The Male Soldier

It’s hard to know what to say about this video besides, please watch this:

I added a comment I believe relevant to this:

One important thing you may have overlooked here, and I mention it because I’ve seen others mention it elsewhere and encountered it myself in some of the men I work with: it is NOT uncommon for guys to come home from deployment only to find that their wife or girlfriend has left, alienated them from their children, and sometimes even in child support arrears they didn’t even know they owed until they got home. So it’s yet another massive kick in the face to a lot of these guys. Just wanted to mention that because I’ve talked to MORE THAN ONE veteran who’s had this sort of thing happen to them. It appears that the legendary “Dear John” letter every G.I. used to dread getting no longer applies; he doesn’t even get that courtesy. Instead he may just get home and find her and the kids gone and a bill he can’t pay–a few have even returned just to be put in jail for not paying child support they never got notice that they owed. It’s nightmarish. –DE

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  • Draigo Luther

    Hey dean, my browser cannot load the video, can you post a link?

    NEVERMIND, Got it work!!

  • RSDavies

    IMO / IME the barriers to progressing this starts with “There are no words”, and thus it is hard to describe to anyone the horror, the banality and the day to day reality of conflict, even the struggle to deal with inactivity.
    Into the mix throw in the social division over whether the conflict is just or legal or whatever. The moment you step off the plane, there are people who believe they have a right to demand that you take personal responsibility for the narrow range of consequences of conflict they see reported on TV. You on the other hand have been there and witnessed the complexity.
    Then you struggle to cope with the day to day civilian activities that can trigger panic, sudden reaction and reversion to combat responses. The family outing to a firework display, which everyone else finds great fun, can leave you struggling with undesired floods of memory and a sudden bout of depression that it bewildering to everyone else.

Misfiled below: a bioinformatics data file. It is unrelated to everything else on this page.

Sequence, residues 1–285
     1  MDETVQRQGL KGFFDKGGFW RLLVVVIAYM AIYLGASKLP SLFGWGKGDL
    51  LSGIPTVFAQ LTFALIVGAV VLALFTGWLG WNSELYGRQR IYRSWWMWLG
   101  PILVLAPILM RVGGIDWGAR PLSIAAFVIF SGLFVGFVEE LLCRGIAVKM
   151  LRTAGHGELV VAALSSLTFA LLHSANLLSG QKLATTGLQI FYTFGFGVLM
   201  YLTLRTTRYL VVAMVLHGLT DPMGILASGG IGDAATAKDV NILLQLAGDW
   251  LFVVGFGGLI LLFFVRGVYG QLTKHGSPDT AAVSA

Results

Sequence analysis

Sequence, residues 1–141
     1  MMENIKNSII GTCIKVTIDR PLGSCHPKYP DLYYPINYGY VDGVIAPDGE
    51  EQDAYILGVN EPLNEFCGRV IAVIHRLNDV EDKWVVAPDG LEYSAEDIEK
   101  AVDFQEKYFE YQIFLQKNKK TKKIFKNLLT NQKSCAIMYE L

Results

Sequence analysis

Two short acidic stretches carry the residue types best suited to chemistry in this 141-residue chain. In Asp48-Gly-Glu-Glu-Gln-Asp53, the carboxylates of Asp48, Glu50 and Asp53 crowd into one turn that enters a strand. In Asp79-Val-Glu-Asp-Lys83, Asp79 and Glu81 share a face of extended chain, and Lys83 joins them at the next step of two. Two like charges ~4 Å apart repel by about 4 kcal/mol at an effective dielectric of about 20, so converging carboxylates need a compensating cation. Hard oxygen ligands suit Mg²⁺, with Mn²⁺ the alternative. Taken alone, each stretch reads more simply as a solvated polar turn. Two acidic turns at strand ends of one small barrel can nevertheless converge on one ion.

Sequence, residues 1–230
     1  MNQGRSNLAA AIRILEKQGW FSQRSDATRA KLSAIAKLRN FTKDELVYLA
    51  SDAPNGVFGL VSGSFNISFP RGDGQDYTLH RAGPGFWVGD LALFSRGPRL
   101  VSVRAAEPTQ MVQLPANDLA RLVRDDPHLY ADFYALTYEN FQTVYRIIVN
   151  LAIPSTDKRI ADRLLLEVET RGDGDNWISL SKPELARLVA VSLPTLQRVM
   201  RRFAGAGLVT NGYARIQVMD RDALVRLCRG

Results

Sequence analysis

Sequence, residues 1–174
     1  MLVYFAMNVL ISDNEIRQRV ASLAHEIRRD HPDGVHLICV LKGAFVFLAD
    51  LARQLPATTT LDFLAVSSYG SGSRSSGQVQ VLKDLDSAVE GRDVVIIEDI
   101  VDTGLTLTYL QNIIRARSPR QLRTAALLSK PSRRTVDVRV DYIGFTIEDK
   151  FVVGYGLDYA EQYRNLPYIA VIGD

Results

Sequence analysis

The armed forces themselves compound the problems because over 60% never go into battle. The officer cadre with its obsession with reputational risk will suppress bad news, and you can easily be the “bad news”.
    The long term health provision is a problem – who pays for it? A traumatic injury in the 1980’s can come back to haunt you as you get older and you need specialised support.
    But most of all I think it’s the absence of a secure, predictable place to be that is the problem. Civilian life lacks structure, and organisations are less willing to provide additional help for veterans in work.

    • johncullison

      “Military men are dumb, stupid animals to be used as pawns for foreign policy.” — Kissinger

      If you ever doubt that’s the way our leaders feel about our military, the way we treat these men after they’ve served should be ample proof that the above statement was the most honest thing Kissinger ever said — not because it’s true, but because that’s how everyone at the top thinks — and, far more importantly, acts.

  • Draigo Luther

    am a veteran, having served in couple of different warzones. I suffer from PTSD from these deployments I have to tell watching this video, really brought back some memories from my time on these deployments. You see things, do things and see other things being done to others, that does not even come close to what thought of as normal. Once you have been into a firefight, or an ambush you are never the same again. You never see the world the same again…There are times I don’t know how I survived quite a few of these situations when they happenend. I don’t think there is a day that goes by that I don’t have feelings of guilt, sorrow, regret, thankfulness, pride, honor and pain…It is a strange combination of feelings, but more than that it is a struggle to sort out all of these feelings and still remain a functional human being. My tendancy is try to hold it all in..So that nobody would know, and risk being labelled a social priah,or an outcast so to speak.
    In response to what you have written Dean:
    Your right, most often the Soldier will not get the Dear John letter, or a post on facebook, or other social media means…It will just happen, sometimes the Soldier, will find out on deployment from other family or friends, or they find out when they get home. I have personally seen Soldiers careers and even lives destroyed by these situations….enstranged wives use the Inspector General’s office to enforce judgements (alimony, child support, TRO’s ect..) in order to gain the upper hand in divorce proceedings and often the Soldier does not have the resources or the support to protect himself against it, Especially true when the Soldier is deployed.

  • cryrex

    This is truth about male privilege; the tip of the iceberg..